Counting the cost
From 2005 to 2015, the country resounded with brazenly duplicitous
governmental pronouncements: 'peace' was promised through all-out war, 'honour'
was assured as a result of this war, the war itself was declared
'humanitarian' and finally, the terrible human toll was denied until
satellite photography revealed the bloody truth.
Meanwhile, even as the north-east tragedy proceeded, the rest of the
country raved over a 'beautification' of a single city even as other
cities and the country's villages led their usual hum-drum life in the
face of growing living costs. Asphalt carpeted roads by-passed swathes
of forgotten and under-developed rural areas with their rutted roads and
corruption-ridden, somnolent, governing bodies. Politicians waxed
eloquent over the battle feats of the military even as greedy fingers
dipped into the lucrative plunder of national wealth via massive
construction works and stock market gimmickry.
Massive infrastructure projects with little relation to actual
national needs and long term development objectives were launched for
the glory of the rulers. Financing, on the basis of expensive loans
taken with an eye to kickbacks, was easy and, the huge borrowings only
grew as the 'projects' grew in number. Seduced by victories in the war
and the gloss of 'beautification', the bulk of society buried its nose
in TV screens and indulged in dance shows. No one wanted to listen to
the warnings of the economists, business leaders and social activists
all of whom raised the alarm of future financial accountability. Such
voices were dismissed as being part of 'international conspiracies'
aiming to subvert ethno-nationalist heroics.
Today, the country must count the cost. The human cost as a result of
the war is now being addressed by various new organisations and groups
in their bold initiatives to bring about social justice to those who
have suffered immensely due to the blind violence of ethnic hatred on
all sides. The economic cost is far more complex and less obvious to
those who cannot immediately fathom the intricacies of balance of
payments, surpluses, credit shortfalls, market valuations and financial
rating down-grades. Just because a real social peace is now being
attempted, it has not meant a rush of foreign investors. Entrepreneurs,
especially the already-fattened Western investors, won't come if the
perceived uncertainty remains high. And, as always, the easiest credit
access is for expensive commercial loans and not concessionary ones.
Thus, today, despite all its Herculean efforts, the government has yet
to adequately deal with the enormous challenge of a battered national
The challenge is to enforce economic discipline on a populace already
weighed down by a weak currency and a barely controlled inflation. That
the cost of living remains high but somewhat under control is all credit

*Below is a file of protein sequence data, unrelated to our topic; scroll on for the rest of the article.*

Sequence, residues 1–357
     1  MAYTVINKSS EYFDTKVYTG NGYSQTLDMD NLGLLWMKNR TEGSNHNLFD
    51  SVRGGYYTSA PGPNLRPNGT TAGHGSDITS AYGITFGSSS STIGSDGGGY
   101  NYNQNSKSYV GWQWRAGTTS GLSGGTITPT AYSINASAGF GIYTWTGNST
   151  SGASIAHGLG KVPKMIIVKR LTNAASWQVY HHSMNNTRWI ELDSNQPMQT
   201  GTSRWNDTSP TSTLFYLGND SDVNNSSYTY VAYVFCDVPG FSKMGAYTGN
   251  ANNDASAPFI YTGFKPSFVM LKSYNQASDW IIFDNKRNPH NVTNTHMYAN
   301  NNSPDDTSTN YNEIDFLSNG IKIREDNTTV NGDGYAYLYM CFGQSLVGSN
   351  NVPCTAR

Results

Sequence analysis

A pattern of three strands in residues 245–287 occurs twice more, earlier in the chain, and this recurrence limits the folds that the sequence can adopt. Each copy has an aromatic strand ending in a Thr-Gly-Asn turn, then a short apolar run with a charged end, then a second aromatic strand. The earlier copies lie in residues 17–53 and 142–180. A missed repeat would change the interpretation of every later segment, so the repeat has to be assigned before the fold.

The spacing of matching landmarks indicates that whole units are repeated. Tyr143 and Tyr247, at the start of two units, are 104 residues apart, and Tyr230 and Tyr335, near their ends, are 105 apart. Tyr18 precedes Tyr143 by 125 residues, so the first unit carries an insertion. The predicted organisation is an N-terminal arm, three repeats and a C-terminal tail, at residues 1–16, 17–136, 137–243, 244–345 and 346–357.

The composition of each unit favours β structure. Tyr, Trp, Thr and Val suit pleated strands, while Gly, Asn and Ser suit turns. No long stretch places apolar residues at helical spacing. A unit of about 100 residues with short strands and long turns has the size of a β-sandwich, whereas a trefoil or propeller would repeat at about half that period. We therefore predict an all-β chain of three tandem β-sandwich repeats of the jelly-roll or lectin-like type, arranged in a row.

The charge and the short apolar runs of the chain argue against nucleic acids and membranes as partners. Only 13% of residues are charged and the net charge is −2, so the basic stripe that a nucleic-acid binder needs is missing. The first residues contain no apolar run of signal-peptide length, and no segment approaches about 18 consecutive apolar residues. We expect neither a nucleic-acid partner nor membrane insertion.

to the economic planners. It is not enough, though. The need for greater
revenue internally is more than a financial challenge. The holding of a
second Cabinet meeting on Friday, in addition to the usual weekly one on
Wednesday, shows that the Government is determined to face, without
delay, the political challenge of implementing socially sensitive
revenue earning and expenditure saving measures.
Even as probably the best group of minds at governmental level in
over a decade grapples with the challenge of an ailing economy, there
are on-going socio-economic issues that must be dealt with sensitively.
The National Unity coalition, itself, is a fragile, experimental
government that combines both normally rival political parties in a
regime that aims at simultaneously resolving the political as well as
economic crises. Even as the ethnic minorities begin to see some
heartening steps in the right direction, it is important that other
marginalised social interest groups such as the impoverished rural
communities, are also not ignored. The Rajapaksa regime, in its
narcissistic self-aggrandizement, ignored the rural poor and learned a
bitter lesson in the Uva provincial election of 2014. It was that
political demographic which, just a few months later, taught a hard
lesson to a regime that, in its sheer naivety, chose to follow astrology
to guide its political fortunes.
The Unity government, true to its commitment to crisis management,
needs all the support it can get from the citizenry that once indulged
in nationalistic self-delusion and must now understand the lessons of
recent history: nothing comes easy, neither peace nor prosperity.
At one time they were known as the 'weaker sex'. In some circles -
quite large male circles, especially - women are yet regarded to be so.
But increasingly in this modern age, society, including the male of the
species, has begun to see women in a new light.
The dramatically sensationalised role of women combatants in numerous
insurgencies and even state military operations may have played a role
in highlighting the new 'tough' image of women. But the reality of the
might of women has been driven home in a far more constructive and
enduring way: the economic contribution of women to society. Sri Lanka
is a living example of women as the biggest contributors to the
country's foreign exchange earnings, whether it has been in the
century-old tea industry, or the garments industry or, through the
remittances sent by over a million Sri Lankan women working primarily as
lowly house maids in foreign lands.
The might of Sri Lankan women is there to see in the new village
homes built from their earnings, the improved life-style of their
families - despite the occasional alcoholism and infidelity of their men
- and in local micro-enterprise start-ups with hard-earned capital. The
voice of women is yet to be heard, though, and depends on how much
society appreciates their rise and provides them with access to
On March 8, when the world will celebrate International Women's Day,
let us look to a future of genuine gender equality.